Suicide rate among veterinarians above national average: study

Veterinarians are committing suicide at rates well beyond the national average, according to a new UQAM report which explores why one of the cuddliest jobs often leads to mental health crisis. 

The report by Anne-Sophie Cardinal Psychology Doctoral candidate at the Université du Québec à Montréal finds that in Canada, 19 per cent of veterinarians have suicidal thoughts and 9 per cent have made an attempt.

Rates are even higher a better documented in the UK.

Veterinary doctor Amanda Glew says in part, the rarity of animal health insurance is part of the reason that vets are stressed.

"Not only are you dealing with clients in very high emotional stress you're asking people to pay for your services," says Glew. "So there's always a little bit of anger towards you as a professional because you're asking to be paid for the services to help their animals."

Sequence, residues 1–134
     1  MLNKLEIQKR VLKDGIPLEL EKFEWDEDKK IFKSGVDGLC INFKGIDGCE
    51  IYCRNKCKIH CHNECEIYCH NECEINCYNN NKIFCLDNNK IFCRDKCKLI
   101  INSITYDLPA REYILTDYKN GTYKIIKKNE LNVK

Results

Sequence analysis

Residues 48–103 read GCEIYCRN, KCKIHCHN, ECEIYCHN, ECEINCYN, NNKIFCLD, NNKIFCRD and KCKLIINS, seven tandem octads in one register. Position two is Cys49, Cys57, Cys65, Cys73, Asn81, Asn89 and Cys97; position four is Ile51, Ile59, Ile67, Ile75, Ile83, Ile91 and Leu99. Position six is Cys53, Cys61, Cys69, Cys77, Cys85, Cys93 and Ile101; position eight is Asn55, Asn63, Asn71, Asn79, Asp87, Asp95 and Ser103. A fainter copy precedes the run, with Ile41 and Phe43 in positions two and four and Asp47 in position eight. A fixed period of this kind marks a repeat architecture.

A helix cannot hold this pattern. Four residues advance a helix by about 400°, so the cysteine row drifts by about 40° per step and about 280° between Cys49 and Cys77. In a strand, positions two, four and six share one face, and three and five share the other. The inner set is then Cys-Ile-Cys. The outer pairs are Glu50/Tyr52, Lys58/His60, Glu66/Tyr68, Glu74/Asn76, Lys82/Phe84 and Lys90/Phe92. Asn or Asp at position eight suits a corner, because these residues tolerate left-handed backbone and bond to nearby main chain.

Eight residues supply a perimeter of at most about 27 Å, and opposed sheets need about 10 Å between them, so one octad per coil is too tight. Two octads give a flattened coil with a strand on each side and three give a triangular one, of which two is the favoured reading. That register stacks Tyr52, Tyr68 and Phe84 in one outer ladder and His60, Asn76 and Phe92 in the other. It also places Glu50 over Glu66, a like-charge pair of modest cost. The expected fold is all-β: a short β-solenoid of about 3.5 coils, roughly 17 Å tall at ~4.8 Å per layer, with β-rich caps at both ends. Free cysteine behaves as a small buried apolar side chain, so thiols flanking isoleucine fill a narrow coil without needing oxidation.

She says vets witness heartbreaking animal abuse and neglect, and have to put down animals daily.

"I mean I was one of those bleeding heart type veterinarians when I started, I thought I could save the world," she says. "You start to realize, no it doesn't work that way. There's a dark reality to it and this is why there's a lot of burnout."

The study says that working with euthanasia can reduce vets' fear of death.

Glew says these tendencies in the profession are well known, and vets keep an eye on each other for signs of burnout.

Caroline Kilsdonk, the president of the Order of Quebec Veterinarians, says the findings aren't surprising.

"Veterainarians both care for animals, and have to euthanize them," kilsdonk says. "Sometimes [euthanasia is] optional or convenient euthanasia which is difficult for many veterinarians."

She also suggests there's a financial element to their work — many pet owners don't have the ability to pay for the care their pets might need.